Foster Care and the Holidays

There was a bit of good news in the most recent foster care data.  The number of children in foster care nationally dropped by about 4.5% between September 2019 and the same month in 2020.  The number of children reported in foster care in September 2020 was 407,493 – reportedly the lowest since 2013.

The federal report, released by the Children’s Bureau in November 2021, is a result of states submitting data to the Adoption and Foster Care Analysis Reporting System (AFCARS).  The report is released yearly and generally has a one-year lag time.

While it is always good news when there are fewer children in the foster care system, there are still a staggering number of children who will be away from their birth families, and sometimes their communities, over the holidays.  A time filled with happiness for most of us can often feel stressful and overwhelming to a child in care – causing anxiety and frustration for some.  There is a sense of loss because children who are away from their family and friends may not experience their usual holiday traditions.  In some cases, children may be placed in a different placement than their siblings, adding to the emotions of loss and loneliness.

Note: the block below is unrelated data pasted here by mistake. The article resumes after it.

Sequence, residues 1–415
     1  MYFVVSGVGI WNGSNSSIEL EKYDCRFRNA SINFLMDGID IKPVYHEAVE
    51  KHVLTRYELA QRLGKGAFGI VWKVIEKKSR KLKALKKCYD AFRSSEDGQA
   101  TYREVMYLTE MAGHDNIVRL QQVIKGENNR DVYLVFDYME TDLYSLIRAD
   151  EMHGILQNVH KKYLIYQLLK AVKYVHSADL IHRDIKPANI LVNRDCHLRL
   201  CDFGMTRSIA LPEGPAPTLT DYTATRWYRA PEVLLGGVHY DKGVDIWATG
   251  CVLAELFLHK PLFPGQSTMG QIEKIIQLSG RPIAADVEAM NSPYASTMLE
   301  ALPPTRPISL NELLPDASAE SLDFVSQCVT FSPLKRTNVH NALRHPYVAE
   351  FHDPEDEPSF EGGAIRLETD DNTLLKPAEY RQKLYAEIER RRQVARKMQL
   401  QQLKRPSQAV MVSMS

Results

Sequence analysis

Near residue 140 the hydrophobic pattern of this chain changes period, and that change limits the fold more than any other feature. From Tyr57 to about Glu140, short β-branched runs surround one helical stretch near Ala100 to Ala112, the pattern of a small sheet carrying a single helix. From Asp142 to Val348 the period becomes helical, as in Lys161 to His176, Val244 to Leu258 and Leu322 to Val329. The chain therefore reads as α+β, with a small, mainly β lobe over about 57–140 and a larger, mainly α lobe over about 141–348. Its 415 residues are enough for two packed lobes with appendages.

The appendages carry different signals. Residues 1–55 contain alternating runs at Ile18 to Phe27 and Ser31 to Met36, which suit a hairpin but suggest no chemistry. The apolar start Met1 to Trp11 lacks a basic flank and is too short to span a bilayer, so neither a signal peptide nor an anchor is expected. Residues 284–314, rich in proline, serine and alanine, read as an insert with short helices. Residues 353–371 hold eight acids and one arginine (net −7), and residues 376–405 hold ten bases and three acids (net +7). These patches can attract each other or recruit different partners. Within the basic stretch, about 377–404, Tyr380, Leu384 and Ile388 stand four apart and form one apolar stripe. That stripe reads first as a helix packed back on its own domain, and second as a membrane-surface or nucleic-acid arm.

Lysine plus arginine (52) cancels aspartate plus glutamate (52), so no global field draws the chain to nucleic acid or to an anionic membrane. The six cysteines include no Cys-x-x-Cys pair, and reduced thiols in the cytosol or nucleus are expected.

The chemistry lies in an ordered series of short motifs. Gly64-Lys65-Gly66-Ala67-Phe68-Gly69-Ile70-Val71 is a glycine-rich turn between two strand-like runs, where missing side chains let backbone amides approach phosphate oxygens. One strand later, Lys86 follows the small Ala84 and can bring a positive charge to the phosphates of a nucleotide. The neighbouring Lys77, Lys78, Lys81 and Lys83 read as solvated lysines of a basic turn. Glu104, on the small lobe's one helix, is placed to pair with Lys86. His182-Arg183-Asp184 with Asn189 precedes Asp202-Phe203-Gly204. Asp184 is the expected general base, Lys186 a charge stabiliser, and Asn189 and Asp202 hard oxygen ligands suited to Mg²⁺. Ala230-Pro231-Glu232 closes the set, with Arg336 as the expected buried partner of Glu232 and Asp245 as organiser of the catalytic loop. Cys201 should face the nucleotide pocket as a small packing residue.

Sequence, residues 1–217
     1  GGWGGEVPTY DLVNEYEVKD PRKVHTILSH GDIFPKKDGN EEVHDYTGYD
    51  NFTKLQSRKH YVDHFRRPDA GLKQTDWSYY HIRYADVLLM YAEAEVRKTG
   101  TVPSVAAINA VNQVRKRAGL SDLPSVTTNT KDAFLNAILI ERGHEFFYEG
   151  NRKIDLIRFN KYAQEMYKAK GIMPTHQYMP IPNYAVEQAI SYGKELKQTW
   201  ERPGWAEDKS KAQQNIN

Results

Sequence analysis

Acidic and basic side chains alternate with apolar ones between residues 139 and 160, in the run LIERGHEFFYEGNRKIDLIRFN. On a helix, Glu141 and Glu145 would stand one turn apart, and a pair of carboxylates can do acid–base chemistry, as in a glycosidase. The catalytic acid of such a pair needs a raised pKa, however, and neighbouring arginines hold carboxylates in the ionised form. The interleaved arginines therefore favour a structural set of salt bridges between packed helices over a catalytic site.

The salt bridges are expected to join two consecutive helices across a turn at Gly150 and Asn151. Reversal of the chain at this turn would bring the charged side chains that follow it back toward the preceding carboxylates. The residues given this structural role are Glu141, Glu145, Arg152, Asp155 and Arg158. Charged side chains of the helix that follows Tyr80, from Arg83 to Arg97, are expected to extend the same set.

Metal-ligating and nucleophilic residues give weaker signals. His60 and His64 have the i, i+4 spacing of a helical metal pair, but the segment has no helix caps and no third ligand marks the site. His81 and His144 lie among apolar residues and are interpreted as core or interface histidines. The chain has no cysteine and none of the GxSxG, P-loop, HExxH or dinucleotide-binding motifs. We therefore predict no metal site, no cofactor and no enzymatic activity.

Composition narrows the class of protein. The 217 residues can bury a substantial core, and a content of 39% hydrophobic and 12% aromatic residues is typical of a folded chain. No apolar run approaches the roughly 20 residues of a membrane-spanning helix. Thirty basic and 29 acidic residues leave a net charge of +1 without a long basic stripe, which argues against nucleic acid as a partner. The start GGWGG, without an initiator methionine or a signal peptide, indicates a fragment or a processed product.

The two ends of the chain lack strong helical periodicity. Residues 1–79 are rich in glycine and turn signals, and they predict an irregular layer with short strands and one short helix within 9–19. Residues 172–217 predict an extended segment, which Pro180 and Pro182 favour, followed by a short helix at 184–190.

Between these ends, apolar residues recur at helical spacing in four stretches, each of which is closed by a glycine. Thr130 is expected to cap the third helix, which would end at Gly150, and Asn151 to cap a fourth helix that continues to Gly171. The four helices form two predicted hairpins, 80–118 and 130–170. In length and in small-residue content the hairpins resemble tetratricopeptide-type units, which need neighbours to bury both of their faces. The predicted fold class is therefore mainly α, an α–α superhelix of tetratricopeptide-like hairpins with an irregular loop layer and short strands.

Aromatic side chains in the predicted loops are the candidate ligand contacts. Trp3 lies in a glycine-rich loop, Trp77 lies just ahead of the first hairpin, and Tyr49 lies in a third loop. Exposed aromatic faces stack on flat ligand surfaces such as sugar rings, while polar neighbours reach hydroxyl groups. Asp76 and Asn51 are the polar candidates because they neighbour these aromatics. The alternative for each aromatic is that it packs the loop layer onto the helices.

“A time filled with happiness for most of us can often feel stressful and overwhelming to a child in care – causing anxiety and frustration for some.”

The holiday season can be particularly stressful for youth who have recently aged out of the system, as highlighted in this article published on Utah Public Radio’s website. These young adults often find themselves on their own for the first time and may not always have close connections in the community or family they can be with over the holidays. This makes support services for foster youth in the community essential.

Despite the challenges for foster children during the holidays, there are still ways to help.  Foster parents and caregivers can prepare foster children in advance by first opening conversation, discussing how to best honor family and church traditions, and what they might need during this time.  The holidays are also the time to ensure that children and youth can visit their family, siblings, or anyone else with which they might have strong connections.  Additional visits, more than typically scheduled, can also be very beneficial during the holidays.

Finally, there may be many ways we can participate in local efforts that help ensure that all youth in care receive Christmas gifts.  Any additional presents, even in a small way, just might offset some of the issues raised here.

To learn more about how you might help, you might consider reaching out to your local or state child welfare agency or CASA program.

Contributing Author:

Jeff Lukich is the Child Welfare Strategy and Practice Lead at DLH Corporation. Previously, he served nearly 30 years with the Georgia Division of Family and Children Services. Jeff retired as the Division’s Chief of Staff in 2018.

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